Louise’s life becomes a whole lot more complicated when she finds the body of a young black woman just outside the cafe where she works. This is the third body to be discovered in Harlem, and the police don’t seem to have any leads. Louise is deeply troubled by this, as it brings up memories from her own past, memories she’s tried hard to keep buried for the past ten years or so.

Later that evening, Louise interferes with a police officer who seems to be harassing a woman on the street, and is subsequently arrested. The officer tells her he’ll let her go and wipe the incident from her record if she agrees to help him catch the murderer. May of Harlem’s residents are suspicious of the police, but Louise is exactly the kind of person they would trust. If she doesn’t agree to help him crack the case, he threatens to send her to prison. Feeling trapped, she reluctantly agrees, setting in motion a string of events that could cost Louise her life.

Dead Dead Girls is a dark and gritty mystery that doesn’t shy away from difficult subject matter. There is some racist language here, as well as some homophobic rhetoric that readers should be aware of before deciding to pick this book up. These elements don’t make up a large part of the overall plot, but they could still prove distressing to some readers.

I loved Louise as a heroine. She’s complex and relatable, exactly the kind of person I’d love to be friends with. Her back story might seem confusing at first, but things became clearer to me as I continued reading. Her relationship with Rosa Maria was fantastic, especially watching the two of them struggle to work through some conflicts that come up throughout the course of the book. Relationships are hard work, and Luise and Rosa Maria are perfect examples of how beautiful and difficult this process can be.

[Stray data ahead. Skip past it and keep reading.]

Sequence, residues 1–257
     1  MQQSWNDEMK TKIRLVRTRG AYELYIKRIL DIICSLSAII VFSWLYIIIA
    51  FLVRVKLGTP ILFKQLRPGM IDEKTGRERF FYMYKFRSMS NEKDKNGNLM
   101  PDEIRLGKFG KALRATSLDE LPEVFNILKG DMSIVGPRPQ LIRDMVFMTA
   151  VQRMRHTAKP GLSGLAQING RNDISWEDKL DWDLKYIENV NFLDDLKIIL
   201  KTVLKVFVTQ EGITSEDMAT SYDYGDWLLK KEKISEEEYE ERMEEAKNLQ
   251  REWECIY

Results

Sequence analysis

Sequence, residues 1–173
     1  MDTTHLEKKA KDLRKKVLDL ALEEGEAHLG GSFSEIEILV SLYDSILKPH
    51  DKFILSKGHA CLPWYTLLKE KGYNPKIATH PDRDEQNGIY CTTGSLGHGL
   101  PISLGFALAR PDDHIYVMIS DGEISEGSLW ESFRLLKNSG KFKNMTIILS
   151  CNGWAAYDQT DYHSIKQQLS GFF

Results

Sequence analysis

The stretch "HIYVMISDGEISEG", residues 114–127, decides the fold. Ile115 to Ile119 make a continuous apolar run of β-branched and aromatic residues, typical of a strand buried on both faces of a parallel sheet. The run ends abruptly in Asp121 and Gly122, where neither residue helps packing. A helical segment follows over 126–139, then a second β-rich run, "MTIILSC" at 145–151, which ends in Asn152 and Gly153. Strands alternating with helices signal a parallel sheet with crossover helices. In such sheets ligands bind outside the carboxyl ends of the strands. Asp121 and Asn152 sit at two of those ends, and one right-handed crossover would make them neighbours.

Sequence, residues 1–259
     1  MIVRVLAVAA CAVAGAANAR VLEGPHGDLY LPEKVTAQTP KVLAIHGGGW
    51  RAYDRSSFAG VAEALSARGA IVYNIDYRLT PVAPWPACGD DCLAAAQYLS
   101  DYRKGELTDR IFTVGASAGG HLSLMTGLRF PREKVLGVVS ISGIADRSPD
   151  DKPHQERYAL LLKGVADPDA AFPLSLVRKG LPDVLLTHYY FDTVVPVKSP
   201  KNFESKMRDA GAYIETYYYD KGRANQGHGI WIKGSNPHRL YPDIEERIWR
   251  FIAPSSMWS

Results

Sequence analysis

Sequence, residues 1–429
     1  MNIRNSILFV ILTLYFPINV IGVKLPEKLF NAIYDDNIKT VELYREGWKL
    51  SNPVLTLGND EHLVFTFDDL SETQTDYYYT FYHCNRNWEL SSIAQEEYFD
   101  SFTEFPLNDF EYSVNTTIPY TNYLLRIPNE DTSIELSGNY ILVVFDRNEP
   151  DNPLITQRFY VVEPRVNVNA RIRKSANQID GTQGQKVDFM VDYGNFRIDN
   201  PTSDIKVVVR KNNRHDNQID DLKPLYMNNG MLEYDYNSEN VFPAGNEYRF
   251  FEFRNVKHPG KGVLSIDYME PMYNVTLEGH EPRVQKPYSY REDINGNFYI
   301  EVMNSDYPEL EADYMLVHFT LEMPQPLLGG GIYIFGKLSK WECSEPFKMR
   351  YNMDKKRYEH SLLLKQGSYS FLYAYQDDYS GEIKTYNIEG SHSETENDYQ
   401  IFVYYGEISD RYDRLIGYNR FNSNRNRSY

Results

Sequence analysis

This is a book I hated to put down. I would have read it in a single sitting if I could have. The historical detail is immersive, making me feel as though I’d traveled back in time. I don’t know if the author plans to write more books about Louise, Rosa Maria, and their friends, but I’ll definitely snap them up if she does.

Danika reviews Space Battle Lunchtime Volume 3 by Natalie Riess

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I adored the first two volumes of Space Battle Lunchtime. It’s an all-ages graphic novel of a cooking competition(!) in space(!!) with a cute F/F romance (!!!) What more could you want? The first two volumes felt like two halves of a whole story. It finished with a happily ever after that made me sigh contentedly when I closed it. I wanted more, sure, but it had wrapped up. I accepted that this was a precious gem of a self-contained two volume story.

And then! I randomly stumbled on a third volume! I didn’t know this was coming out! As someone who obsessively tracks new sapphic book releases, this was a shock to me. How could I have missed that this was getting a sequel at all, never mind one that was already out? I could hardly believe my luck.

This volume has everything I loved from the first two. There’s no baking competition this time–instead, Peony is baking for a fancy jubilee hosted by a space empress! It’s crucial that everything goes perfectly. Of course, that’s not what happens. In fact, the empress is poisoned, and now it’s a murder(-ish) mystery! This is a fun little puzzle set on a spaceship that is part plant.

I also really enjoyed Peony and Neptunia’s developing relationship. We get a glimpse into Neptunia’s past that explains why she’s so guarded and secretive. There is no drama here, though; they continue to be a happy, adorable couple.

If you are looking for a cute, cozy, comforting queer read, I can’t recommend Space Battle Lunchtime enough. Will this be the real final volume? I can’t find any information on there being a volume 4, but there was also 3 years between volumes 2 and 3, so that’s not saying much. Whether this is a charming epilogue to the original story or the beginning of an ongoing series, I am a big fan.